Sequoia National Park: 4 Must-See Attractions

Sequoia National Park has more than stunning scenery. It's also rich in history—Sequoia was designated as a National Park in 1890 to protect the grove of newly-discovered giant trees that quickly generated buzz across the United States.

The enormous trees were further romanticized by famed conservationist John Muir in his celebrated writings. "It took more than three thousand years to make some of the trees in these Western woods, trees that are still standing in perfect strength and beauty, waving and singing in the mighty forests of the Sierra," Muir wrote of the giant sequoias.

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To this day, Sequoia is still one of the most popular national parks in the United States. It has a number of tourist-heavy attractions that even the most experienced outdoor enthusiasts need to see, but it also offers plenty of backcountry opportunities, where you can roam in the beauty and never see another soul, outside of an occasional black bear or mule deer.

Located in central California in the Sierra Nevadas, Sequoia National Park encompasses 400,000 acres of land stretching from the western slopes—which is where most people go—to Mount Whitney, on the eastern edge of the park. Sequoia is just south of Kings Canyon National Park, and the two are administered together by the National Park Service.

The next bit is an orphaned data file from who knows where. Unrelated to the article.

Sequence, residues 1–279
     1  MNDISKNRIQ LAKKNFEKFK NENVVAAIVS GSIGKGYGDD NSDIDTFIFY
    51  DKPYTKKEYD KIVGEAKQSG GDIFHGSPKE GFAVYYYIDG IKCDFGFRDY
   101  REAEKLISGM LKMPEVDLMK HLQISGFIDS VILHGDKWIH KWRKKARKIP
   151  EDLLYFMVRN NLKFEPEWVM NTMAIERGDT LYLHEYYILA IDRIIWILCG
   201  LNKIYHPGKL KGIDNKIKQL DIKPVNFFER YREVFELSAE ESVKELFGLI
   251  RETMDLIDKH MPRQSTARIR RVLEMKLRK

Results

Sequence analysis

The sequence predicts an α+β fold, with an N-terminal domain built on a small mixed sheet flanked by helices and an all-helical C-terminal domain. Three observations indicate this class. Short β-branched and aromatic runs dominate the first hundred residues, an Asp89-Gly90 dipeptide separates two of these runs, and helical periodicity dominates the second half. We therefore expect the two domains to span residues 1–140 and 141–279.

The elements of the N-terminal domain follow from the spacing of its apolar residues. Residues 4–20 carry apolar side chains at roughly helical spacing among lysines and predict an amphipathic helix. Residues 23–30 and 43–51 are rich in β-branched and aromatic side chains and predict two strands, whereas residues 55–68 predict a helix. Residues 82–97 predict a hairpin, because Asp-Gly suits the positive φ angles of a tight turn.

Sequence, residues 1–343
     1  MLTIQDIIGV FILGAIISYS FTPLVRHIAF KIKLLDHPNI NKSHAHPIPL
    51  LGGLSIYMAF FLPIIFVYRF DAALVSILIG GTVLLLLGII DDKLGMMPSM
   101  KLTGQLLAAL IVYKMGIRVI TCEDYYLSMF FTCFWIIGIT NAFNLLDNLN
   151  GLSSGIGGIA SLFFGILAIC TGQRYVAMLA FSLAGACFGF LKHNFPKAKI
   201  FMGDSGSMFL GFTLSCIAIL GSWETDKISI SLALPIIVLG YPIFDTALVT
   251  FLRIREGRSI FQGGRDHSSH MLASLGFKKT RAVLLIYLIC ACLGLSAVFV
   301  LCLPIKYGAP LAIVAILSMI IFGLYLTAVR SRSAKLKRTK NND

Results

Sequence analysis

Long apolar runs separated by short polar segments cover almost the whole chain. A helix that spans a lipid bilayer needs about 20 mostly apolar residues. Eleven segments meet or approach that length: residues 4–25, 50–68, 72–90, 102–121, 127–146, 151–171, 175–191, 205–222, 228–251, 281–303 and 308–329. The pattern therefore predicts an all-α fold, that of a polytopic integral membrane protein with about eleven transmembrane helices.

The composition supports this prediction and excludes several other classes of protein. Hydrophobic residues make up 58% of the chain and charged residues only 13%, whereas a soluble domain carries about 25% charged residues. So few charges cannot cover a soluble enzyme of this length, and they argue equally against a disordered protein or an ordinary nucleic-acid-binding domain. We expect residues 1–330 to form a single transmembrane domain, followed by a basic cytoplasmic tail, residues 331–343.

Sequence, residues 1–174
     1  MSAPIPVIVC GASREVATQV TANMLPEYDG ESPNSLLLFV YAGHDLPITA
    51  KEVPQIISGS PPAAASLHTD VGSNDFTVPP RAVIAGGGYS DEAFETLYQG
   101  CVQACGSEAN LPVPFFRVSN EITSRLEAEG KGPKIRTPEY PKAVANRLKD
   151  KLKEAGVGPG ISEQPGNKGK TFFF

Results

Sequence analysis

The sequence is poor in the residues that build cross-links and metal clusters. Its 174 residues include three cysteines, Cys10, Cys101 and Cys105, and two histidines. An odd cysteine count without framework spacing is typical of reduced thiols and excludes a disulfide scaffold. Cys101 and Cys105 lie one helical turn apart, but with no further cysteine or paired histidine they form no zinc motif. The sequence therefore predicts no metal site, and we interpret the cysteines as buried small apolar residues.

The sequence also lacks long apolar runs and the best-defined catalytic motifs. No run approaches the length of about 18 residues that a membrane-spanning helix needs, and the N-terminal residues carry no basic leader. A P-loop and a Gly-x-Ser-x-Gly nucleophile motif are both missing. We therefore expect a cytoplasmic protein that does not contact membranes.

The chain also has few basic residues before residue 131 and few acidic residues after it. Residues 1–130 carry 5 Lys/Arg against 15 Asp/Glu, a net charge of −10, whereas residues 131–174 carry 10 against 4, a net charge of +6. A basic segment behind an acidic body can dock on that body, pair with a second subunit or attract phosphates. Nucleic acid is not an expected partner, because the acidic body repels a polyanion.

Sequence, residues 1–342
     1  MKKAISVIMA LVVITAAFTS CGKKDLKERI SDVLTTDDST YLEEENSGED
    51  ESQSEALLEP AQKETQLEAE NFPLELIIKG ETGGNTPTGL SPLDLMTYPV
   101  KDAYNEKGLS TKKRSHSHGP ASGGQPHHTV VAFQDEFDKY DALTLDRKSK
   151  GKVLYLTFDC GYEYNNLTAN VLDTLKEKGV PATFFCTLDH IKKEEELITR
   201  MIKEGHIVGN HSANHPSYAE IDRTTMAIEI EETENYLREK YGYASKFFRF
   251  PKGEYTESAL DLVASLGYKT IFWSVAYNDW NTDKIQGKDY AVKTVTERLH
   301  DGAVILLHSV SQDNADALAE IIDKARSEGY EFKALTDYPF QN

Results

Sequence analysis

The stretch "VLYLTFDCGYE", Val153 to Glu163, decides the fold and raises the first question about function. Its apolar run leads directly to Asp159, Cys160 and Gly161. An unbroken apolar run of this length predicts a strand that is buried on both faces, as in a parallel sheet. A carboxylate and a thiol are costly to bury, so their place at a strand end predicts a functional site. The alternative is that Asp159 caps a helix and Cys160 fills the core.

If you're able to make the trip, here are four attractions you just can't miss.

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General Sherman

The number one attraction by a long shot is the Giant Forest, where hundreds of giant sequoias have lived for thousands of years. Located on the western side of the park near Three Rivers, California, the giant forest is easily accessible by vehicle and many giant sequoias tower near the Generals Highway, the main road of the park.

Don't just drive by them; get out of your car and stand under one. The main draw is General Sherman, the largest living thing on Earth. Sherman towers 275 feet tall and is 36 feet wide. It's estimated to be close to 3,000 years old and going strong. Looking up from the base of General Sherman is hard for many visitors to comprehend—or forget.

Cottonwood Campground

General Sherman is accessible with just a half-mile walk from the nearest parking lot, and the tree is fenced off so you can only admire it from about 10 feet away.

The sightseeing doesn't stop there, though. General Sherman is just the start of a large system of trails that allow you to explore the Giant Forest by foot. One of the best is Congress Trail, about 2 miles long, featuring two bunches of sequoia trees (The House and The Senate) as well as The President, the third-largest tree on Earth.

There are no fences around these trees or any of the dozens of unnamed sequoias on this trail, so feel free to go up and hug one. At the end of the day, rest your legs at Lodgepole Campground, just 2 miles from the Giant Forest.

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